JavaScript Example 2-2
Opening a "Webtop" Window

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The "Webtop Widget" is part of Netscape's collection of sample code. It's by Gary Smith. See their original web page at

The idea is to use the entire desktop as an undecorated canvas. In other words, to use the whole screen without any borders or scrollbars (a.k.a. "chrome). I thought this was pretty cool!

Unfortunately this code does not work with Microsoft IE5 because it uses Netscape-specific extensions, including the "netscape" object. I haven't yet tried to make an IE version of this.

Open Webtop

Using the form below, you specify the URL which you want opened on the "Webtop" and then submit.

Below is the code for the form. It simply calls the JavaScript function myWebtop(), passing it the URL that you supply.

      <form name="myForm" onsubmit="myWebtop(this); return false;">
        <input value=""> 
        <input type="SUBMIT" value="Open Webtop!">

The myWebtop() function is defined as follows:

var path = 

function myWebtop(form) {
  if (location.replace && document.layers) {
    location.replace(path + 'webtop.html?' + form.elements[0].value);

myWebtopsimply navigates to the Netscape webtop web page, passing the URL that you supplied as a "?" argument. For example, if you don't change the default URL, myWebtop will navigate to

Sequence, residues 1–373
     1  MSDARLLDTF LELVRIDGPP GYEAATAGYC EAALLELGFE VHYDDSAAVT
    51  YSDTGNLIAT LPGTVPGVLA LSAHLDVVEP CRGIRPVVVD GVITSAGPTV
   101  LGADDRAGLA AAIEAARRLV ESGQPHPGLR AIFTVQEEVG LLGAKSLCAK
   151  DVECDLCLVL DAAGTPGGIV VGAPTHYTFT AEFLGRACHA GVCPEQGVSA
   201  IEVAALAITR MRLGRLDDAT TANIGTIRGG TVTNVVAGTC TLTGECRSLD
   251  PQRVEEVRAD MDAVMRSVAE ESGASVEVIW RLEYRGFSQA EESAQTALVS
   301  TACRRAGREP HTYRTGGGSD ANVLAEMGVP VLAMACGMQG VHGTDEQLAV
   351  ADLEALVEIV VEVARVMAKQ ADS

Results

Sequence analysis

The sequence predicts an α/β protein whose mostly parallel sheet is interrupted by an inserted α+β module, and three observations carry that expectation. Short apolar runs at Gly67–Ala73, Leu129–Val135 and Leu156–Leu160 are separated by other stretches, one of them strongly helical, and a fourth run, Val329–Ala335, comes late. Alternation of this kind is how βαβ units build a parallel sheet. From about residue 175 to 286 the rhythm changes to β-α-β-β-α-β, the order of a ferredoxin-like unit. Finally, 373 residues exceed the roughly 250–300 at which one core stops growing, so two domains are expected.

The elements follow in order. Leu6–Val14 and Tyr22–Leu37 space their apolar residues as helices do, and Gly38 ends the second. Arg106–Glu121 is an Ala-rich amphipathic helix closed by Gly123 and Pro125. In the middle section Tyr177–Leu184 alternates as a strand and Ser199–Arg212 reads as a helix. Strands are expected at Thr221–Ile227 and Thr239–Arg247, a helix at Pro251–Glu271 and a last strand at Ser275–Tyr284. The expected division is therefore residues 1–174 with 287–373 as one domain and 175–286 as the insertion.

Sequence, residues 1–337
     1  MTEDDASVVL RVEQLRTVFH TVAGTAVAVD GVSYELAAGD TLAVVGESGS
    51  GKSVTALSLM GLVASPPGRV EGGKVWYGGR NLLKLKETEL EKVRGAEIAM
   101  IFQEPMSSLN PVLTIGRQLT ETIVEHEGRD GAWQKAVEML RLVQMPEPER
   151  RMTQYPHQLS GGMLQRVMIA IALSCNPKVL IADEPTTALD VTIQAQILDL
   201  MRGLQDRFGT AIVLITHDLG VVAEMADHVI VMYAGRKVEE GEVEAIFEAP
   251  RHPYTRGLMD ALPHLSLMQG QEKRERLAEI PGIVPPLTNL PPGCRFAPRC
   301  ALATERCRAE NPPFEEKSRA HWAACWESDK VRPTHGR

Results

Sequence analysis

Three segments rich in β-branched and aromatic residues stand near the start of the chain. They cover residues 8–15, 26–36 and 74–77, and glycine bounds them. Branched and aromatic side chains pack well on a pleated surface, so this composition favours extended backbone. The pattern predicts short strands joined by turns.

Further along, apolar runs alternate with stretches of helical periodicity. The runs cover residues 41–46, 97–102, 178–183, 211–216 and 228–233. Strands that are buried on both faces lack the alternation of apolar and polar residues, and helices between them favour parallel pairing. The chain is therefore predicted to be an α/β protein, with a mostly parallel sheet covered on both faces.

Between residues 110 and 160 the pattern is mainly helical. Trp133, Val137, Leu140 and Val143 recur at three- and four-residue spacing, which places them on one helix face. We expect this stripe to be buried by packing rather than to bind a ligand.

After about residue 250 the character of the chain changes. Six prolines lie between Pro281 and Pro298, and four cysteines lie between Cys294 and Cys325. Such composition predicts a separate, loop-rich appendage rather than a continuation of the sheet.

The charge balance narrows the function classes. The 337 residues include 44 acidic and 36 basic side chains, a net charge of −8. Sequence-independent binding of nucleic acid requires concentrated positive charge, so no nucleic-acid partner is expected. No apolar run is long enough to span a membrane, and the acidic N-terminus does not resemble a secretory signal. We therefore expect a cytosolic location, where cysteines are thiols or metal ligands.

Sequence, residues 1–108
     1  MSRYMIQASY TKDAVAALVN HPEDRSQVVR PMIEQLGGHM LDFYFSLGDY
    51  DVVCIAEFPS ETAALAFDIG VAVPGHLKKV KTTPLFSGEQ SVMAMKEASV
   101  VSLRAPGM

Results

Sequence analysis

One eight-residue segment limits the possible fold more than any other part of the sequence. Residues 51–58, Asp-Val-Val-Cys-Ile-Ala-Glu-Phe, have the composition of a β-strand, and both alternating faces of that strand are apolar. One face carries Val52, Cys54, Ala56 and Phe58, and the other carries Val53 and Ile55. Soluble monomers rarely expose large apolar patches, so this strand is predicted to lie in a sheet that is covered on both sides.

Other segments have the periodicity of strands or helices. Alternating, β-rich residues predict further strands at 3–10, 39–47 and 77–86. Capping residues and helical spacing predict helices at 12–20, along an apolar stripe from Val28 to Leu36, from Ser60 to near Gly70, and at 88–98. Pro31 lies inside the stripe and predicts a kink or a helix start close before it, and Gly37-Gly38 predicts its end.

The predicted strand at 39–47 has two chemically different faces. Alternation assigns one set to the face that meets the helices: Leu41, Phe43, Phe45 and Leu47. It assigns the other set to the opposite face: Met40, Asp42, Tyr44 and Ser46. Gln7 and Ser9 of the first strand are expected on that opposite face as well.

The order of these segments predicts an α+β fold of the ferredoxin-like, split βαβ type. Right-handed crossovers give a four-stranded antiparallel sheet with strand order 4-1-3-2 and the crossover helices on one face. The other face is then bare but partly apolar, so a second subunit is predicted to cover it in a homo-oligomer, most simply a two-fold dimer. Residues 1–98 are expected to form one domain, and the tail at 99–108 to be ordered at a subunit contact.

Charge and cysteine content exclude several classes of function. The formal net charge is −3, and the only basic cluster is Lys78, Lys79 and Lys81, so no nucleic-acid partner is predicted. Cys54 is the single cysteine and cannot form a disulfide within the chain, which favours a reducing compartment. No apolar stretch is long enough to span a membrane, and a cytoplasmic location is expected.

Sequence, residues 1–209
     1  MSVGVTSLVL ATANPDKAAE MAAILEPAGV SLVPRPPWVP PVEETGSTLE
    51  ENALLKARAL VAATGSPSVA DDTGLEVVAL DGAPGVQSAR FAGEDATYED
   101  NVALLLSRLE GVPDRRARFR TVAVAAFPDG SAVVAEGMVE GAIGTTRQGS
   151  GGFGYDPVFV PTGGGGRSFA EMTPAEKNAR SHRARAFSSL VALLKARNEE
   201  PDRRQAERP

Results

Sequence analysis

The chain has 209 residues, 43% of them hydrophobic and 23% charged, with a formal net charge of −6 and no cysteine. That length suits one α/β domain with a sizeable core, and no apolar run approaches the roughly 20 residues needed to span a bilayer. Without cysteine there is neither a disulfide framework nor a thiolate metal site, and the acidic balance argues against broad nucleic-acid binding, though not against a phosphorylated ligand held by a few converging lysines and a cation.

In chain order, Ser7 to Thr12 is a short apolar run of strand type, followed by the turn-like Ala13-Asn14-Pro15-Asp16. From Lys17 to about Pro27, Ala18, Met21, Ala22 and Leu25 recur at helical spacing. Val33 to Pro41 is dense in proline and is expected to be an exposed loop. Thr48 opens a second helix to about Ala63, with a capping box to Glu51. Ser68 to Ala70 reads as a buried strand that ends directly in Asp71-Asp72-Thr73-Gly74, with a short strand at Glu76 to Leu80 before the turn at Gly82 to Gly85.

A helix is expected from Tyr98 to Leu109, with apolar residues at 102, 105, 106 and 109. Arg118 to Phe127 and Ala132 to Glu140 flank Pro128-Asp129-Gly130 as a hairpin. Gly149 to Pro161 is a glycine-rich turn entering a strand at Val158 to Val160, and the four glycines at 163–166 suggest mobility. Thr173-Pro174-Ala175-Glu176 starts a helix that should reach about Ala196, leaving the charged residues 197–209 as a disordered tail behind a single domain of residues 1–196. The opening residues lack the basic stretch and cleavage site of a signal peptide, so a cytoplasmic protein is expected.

There is a button on that page which will open a webtop page, along with some instructions. In an apparent bug, the Netscape web page seems to ignore the URL that you supply.

So far this doesn't illustrate much, except that it is possible to do this (at least with Netscape).

How it Works

The JavaScript function openWebtopX below shows how to actually open a webtop window.
function openWebtopX(url) {'CanvasAccess'); 
  window.webtopWin = || "", 
    'alwaysLowered=yes,outerWidth='+ screen.availWidth +',outerHeight='+ screen.availHeight +',left='+ screen.availLeft +',top='+ screen.availTop +',titlebar=no');

Note first of all the need to request 'CanvasAccess' from the object. IE will fail at this point because, not surprisingly, it has no netscape object.

Next it simply opens a new window, takes three arguments: the URL to open, the window name ('webtop'), and an options string. The options string is where all the interesting stuff is.

Note that windows are created by default without scrollbars.

Here's a button for calling the openWebtop() function:  


Netscape's JavaScript Reference Manual
See the section on
Netscape "Webtop Widget" page
The "Webtop Widget", by Gary Smith, is part of Netscape's collection of sample code.
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